Nineteenth- and Twentieth-Century Intellectual Life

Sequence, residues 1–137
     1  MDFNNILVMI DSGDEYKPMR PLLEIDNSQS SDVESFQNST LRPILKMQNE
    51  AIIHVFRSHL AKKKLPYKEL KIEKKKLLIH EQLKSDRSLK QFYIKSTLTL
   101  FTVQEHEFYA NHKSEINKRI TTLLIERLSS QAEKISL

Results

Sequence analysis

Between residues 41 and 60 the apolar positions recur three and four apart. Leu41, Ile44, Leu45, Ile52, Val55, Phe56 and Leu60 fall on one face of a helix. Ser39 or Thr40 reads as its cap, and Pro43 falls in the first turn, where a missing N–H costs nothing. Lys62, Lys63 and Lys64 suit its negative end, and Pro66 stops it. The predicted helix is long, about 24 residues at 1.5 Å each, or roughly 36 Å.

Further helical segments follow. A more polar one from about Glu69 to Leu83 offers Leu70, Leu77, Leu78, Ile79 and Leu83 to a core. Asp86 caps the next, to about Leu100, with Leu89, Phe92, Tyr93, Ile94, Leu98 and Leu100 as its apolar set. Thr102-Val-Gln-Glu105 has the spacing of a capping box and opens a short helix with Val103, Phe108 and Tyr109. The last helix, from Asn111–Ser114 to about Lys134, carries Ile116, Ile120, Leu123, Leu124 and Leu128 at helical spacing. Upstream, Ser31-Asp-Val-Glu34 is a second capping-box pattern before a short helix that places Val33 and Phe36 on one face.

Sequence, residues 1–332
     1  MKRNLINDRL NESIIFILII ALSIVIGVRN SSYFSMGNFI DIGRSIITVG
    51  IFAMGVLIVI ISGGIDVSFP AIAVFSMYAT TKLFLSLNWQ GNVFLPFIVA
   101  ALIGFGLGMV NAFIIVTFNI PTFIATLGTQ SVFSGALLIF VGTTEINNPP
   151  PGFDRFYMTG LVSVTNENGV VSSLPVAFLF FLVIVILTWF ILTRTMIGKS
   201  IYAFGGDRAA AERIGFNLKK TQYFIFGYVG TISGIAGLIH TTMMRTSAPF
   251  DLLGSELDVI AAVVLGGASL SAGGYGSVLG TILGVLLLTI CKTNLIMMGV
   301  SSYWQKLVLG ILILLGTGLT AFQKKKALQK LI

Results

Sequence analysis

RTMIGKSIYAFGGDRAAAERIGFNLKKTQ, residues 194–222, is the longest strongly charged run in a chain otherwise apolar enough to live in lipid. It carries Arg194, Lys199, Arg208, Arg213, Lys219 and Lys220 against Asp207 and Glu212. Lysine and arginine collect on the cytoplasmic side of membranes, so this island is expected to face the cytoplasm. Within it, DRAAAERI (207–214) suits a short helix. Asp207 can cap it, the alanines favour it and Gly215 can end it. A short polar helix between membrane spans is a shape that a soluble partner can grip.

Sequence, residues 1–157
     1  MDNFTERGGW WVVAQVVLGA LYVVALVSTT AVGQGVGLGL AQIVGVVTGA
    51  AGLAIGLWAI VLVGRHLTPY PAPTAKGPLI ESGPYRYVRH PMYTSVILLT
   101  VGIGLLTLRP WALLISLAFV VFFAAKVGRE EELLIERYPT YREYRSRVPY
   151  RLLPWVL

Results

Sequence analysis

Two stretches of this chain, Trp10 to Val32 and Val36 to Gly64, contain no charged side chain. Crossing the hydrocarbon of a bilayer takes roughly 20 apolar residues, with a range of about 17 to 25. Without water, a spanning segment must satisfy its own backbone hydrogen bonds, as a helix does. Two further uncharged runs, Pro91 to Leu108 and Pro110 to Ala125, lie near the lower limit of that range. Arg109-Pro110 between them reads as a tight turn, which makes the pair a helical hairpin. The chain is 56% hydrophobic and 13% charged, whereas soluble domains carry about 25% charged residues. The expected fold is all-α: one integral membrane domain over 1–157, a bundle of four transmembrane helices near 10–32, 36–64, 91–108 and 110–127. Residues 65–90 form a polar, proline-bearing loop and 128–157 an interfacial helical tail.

The Copernican shift set in motion by the work of Immanuel Kant not only revolutionized philosophy, it was transformative of theology as well. The pioneering work of Friedrich Schleiermacher, who as a young man had immersed himself in the work of Kant, set forth a theological vision that both critically embraced, and moved significantly beyond, Enlightenment insights. Starting from an analysis of subjectivity greatly indebted to Kant and those who followed him, Schleiermacher analyzed the conditions of the possibility of the self’s relation to the Absolute. In doing so, he made groundbreaking claims that would influence theological discourse throughout both the nineteenth and twentieth centuries: any theological discourse adequate to its subject matter must take into account the role of the subject in its relation to the Absolute; failure to do so leads to a concept of God wholly inadequate to the reality of God, one in which God is understood as outside of, and completely other than, the subject.